I saw folks in South Carolina identify a problem with their town’s outdated, dangerous school buses — then roll up their sleeves, do some organizing, and get the statehouse to fund new buses for Charleston’s kids.
And I saw a new generation of young leaders grab clipboards, collect signatures, and decide to run for office themselves.
Throughout 2017, I saw Americans all over the country step up, have the tough conversations, and speak out about the issues affecting us all. We have to keep it up in 2018 — because every ballot measure, every election, every conversation on an issue we care about — it all matters.
There are no do-overs.
So right now, I’m asking you to make a commitment: Seize the power you have. Speak up. Make this democracy work. Do not succumb to cynicism. And say you’ll vote in 2018 — there’s too much at stake this year to sit this out.
Reported by Tam Lawrence
Former Congressman Harold Ford Jr. Fired by Morgan Stanley for Alleged Misconduct
Harold Ford Jr., a former congressman, was fired by the financial services firm Morgan Stanley following allegations of misconduct, NBC confirmed on Thursday.
Morgan Stanley declined to say specifically what prompted the firing. The allegations were presented after a woman who was not employed at the firm accused Mr. Ford of acting inappropriately in a professional setting.
Mr. Ford’s termination reported by HuffPost as an exclusive has been challenged by the former Congressman as “false claims.”
Harold Ford Jr., a former congressman, was fired from his position as a managing director at the financial services firm Morgan Stanley for what the company described as behavior “inconsistent with our values.”CreditMike Groll/Associated Press
In a statement provided by his lawyer, Mr. Ford denied the sexual harassment allegations, stating in a tweet on Thursday that he will be bringing legal action against the reporter, for making false claims against him, as well as Morgan Stanley for wrongful termination.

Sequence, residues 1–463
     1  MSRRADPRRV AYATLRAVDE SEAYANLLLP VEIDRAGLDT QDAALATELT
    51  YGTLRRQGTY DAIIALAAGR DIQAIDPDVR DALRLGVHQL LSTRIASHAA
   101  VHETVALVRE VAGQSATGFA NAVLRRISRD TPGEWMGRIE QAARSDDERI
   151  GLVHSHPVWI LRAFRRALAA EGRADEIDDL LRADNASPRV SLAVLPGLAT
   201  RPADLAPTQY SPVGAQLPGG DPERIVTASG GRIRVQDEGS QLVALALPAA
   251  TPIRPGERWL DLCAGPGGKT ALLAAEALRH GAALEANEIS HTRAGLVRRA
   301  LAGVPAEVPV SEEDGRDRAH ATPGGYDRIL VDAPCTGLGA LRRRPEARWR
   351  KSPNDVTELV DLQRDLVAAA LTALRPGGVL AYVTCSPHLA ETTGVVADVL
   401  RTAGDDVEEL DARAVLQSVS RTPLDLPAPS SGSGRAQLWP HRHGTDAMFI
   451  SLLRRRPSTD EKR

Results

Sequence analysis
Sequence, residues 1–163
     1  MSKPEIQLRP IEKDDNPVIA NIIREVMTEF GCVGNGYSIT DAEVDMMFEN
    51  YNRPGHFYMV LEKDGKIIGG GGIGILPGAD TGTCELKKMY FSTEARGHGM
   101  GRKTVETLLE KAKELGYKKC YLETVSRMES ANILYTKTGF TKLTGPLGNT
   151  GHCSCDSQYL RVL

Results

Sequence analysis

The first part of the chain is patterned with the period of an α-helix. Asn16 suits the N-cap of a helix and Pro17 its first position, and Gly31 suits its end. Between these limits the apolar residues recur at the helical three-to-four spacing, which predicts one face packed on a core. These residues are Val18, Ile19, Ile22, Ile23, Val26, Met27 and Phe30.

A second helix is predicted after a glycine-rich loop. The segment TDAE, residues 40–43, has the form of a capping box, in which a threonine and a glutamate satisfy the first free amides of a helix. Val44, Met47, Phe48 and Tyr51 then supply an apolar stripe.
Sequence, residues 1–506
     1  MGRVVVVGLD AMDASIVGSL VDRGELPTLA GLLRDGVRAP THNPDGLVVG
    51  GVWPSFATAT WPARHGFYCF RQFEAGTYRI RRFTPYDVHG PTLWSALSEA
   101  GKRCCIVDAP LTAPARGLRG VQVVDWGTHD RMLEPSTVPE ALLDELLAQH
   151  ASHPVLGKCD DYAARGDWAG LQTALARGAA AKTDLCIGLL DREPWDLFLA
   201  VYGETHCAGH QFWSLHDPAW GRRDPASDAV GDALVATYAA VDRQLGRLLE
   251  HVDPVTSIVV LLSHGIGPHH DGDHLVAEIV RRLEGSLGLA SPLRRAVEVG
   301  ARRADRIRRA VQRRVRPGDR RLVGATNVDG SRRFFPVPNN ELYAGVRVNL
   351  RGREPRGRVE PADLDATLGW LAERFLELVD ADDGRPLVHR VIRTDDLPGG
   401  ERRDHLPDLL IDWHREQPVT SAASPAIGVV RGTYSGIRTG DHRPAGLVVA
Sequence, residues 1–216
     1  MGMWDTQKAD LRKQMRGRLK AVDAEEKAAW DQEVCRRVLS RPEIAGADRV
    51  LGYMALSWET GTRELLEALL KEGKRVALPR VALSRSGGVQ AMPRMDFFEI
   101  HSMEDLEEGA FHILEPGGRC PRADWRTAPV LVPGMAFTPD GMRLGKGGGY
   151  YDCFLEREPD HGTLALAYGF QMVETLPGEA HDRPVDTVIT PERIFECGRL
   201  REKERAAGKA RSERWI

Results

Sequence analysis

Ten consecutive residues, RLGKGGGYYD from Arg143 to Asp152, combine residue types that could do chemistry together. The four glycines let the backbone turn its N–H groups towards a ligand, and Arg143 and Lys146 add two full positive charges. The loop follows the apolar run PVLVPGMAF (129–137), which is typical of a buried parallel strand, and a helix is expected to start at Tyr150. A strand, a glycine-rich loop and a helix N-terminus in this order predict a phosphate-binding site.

I will now be bringing legal action against the reporter who made these false claims about me as well as Morgan Stanley for improper termination.
— Harold Ford, Jr. (@HFord2) December 7, 2017
“This simply did not happen,” Mr. Ford wrote. “I have never forcibly grabbed any woman or man in my life.” He added that socializing with members of the press was part of his job, and said that “false claims like this undermine the real silence breakers.”
In regards to news today, This simply did not happen. I have never forcibly grabbed any woman or man in my life.
— Harold Ford, Jr. (@HFord2) December 7, 2017
Mr. Ford served five terms in Congress as a Democrat representing a Tennessee district after first being elected in 1996—serving as Congressman from 1997 to 207.
He joined Morgan Stanley as a managing director and senior client-relationship manager in 2011 as a vice chairman and senior policy adviser at Bank of America.
Amid the heightened scrutiny of sexual harassment and inappropriate behavior toppling key figures in the entertainment and political arena, Mr. Ford is the latest high profiled man to lose his job in recent days for similar allegations.
Time magazine on Wednesday named the “Silence Breakers” its Person of the Year. They shared personal stories about harassment and assault and sparked the #MeToo movement.
According to Time, the #MeToo became a hashtag, a movement, a reckoning. But it began, as great social change nearly always does, with individual acts of courage.
In a tweet acknowledging his thoughts on the “Silence Breaker” quite pointed in his statement, Mr. Ford said the following in regards to news of his firing on Thursday, “This simply did not happen. I have never forcibly grabbed any woman or man in my life.”
In another tweet, Mr. Ford spoke about his professional demeanor and his tremendous respect for the brave women speaking out “in this important national dialogue.” Mr. Ford was pointed in stating that false claims alleged against him “undermine the real “Silence Breakers.”
Mr. Ford appeared as a frequent guest on MSNBC’s “Morning Joe.” MSNBC – which is owned by NBC 4 New York’s parent company.
“We are looking into the report about Harold Ford Jr.,” a spokeswoman for MSNBC said. “During that time he won’t be a guest on MSNBC.”
LeNora Millen 12-7-17